By Chrysandra Medley
In June, the U.S. Department of Energy (DOE) announced $15 million in funding for 27 projects in atmospheric and ecological sciences in an effort to improve Earth systems models and better predict weather and climate. One of these projects includes AOSC-ESSIC professor Zhanqing Li’s research, “Investigation of the surface coupling of marine clouds and its interactions with aerosols over the Southern Ocean”.
The grant will utilize Atmospheric Radiation Measurement (ARM) data (from the Measurements of Aerosols, Radiation, and Clouds Over the Southern Ocean (MARCUS) campaign) along with large eddy simulation modeling to look at the dynamic coupling of clouds, aerosols, and the ocean surface in the Southern Ocean marine boundary layer.
Using a combination of data analysis and observation, the team hopes to gain a better overall understanding of cloud behavior, including how aerosols affect cloud heat exchange processes (warming).
“In principal, aerosols have two broad effects on the Earth’s climate by interacting with radiation and clouds to alter the earth’s energy and water cycles. Depending on their loading and properties, the two effects may work coherently or against each other, making it one of the most challenging problem in climate science,” said Li.
The newly funded study is a continuation of similar research that Li and his team began almost a decade ago in China where aerosol loading is much high due to intensive human activities that have drastically altered the environment and climate in the region, as found by the team.
“Clouds respond to aerosols in a dramatically different ways in polluted and pristine conditions. While the polluted clouds have been studied extensively, their clean counterparts have not,” said Youtong Zheng, a member of Li’s research team and post-doctoral associate at ESSIC.
Conversely, the air above the Southern Ocean is pure and unpolluted, free from the types of human activity that create pollution. The pristine environment provides the team with a unique opportunity to quantify how unaltered clouds respond to aerosols.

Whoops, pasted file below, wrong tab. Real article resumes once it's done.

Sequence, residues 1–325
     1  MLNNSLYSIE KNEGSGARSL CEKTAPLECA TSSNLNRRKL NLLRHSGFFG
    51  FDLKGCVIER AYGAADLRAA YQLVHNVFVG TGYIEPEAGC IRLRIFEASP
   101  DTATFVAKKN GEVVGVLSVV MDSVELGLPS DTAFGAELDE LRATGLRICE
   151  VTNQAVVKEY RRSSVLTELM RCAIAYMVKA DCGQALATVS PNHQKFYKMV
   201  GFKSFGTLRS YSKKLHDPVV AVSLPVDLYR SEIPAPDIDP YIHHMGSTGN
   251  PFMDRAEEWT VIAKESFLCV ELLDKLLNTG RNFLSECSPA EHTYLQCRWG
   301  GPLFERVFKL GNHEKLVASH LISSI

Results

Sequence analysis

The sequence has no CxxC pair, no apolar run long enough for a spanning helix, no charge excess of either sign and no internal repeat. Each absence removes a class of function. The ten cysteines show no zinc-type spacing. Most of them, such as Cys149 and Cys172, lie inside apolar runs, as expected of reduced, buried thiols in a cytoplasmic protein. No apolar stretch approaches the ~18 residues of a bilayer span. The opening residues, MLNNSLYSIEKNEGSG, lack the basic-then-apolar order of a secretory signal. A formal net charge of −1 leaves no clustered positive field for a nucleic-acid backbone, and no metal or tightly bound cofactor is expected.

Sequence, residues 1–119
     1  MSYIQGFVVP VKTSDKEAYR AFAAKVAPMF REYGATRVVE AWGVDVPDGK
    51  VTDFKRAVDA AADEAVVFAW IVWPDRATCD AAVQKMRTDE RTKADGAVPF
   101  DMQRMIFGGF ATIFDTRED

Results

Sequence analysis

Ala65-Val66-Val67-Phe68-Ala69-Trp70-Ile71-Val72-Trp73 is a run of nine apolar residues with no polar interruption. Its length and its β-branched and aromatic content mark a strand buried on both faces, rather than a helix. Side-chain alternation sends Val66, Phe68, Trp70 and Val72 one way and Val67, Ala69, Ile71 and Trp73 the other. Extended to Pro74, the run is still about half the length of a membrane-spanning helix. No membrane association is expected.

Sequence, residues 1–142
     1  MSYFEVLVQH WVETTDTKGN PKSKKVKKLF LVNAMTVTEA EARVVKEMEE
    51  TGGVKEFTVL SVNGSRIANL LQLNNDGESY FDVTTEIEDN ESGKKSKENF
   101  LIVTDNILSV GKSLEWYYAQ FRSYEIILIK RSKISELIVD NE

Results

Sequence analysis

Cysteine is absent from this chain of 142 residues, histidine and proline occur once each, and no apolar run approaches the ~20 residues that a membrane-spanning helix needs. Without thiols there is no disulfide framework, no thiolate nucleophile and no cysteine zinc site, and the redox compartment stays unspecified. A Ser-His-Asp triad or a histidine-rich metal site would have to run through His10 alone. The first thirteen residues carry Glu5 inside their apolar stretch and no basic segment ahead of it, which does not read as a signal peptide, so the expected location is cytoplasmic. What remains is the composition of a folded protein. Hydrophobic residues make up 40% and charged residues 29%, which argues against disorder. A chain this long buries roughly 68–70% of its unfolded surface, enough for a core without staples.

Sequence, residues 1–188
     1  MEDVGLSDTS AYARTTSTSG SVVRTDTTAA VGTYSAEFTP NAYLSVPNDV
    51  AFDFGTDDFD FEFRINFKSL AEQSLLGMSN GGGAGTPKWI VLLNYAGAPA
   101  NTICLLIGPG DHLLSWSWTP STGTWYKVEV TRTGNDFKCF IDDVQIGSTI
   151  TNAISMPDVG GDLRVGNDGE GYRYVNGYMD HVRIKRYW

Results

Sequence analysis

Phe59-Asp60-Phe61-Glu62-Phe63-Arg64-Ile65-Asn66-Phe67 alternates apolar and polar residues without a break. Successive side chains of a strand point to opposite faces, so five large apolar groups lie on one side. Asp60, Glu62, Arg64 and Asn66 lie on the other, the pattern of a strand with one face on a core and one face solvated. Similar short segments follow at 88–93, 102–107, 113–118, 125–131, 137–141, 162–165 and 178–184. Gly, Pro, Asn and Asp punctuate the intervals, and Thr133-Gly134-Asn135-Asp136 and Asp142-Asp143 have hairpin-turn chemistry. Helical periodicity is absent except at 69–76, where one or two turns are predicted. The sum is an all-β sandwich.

The team believes that clouds in the clean Southern Ocean environment are more likely to decouple from the ocean surface due to warm air masses travelling above cold sea surfaces, which frequently occurs in the Southern Ocean. Decoupling is when the moisture from the sea surface is cut, affecting the clouds’ moisture supply. This could affect the transport of aerosols to the cloud layer, as well as alter other cloud properties.
The project could have huge implications for future climate modeling and understanding of clouds.
“With this improved understanding, we could better represent [cloud-aerosol interaction] in climate models and have a more accurate prediction of our climate,” said Zheng.
Zhanqing Li is an AOSC-ESSIC professor who has engaged in a wide range of studies concerning climate change, atmospheric physics, and the terrestrial and atmospheric environment. He is deeply engaged in the cloud absorption anomaly debate, systematically studied China’s environmental and climate problems, and investigated aerosol properties and their direct and indirect effects. In 2008, he received a DOE grant for a similar project entitled, “Use of ARM Mobile Facility (AMF) Data to Study Aerosol Indirect Effects in China”.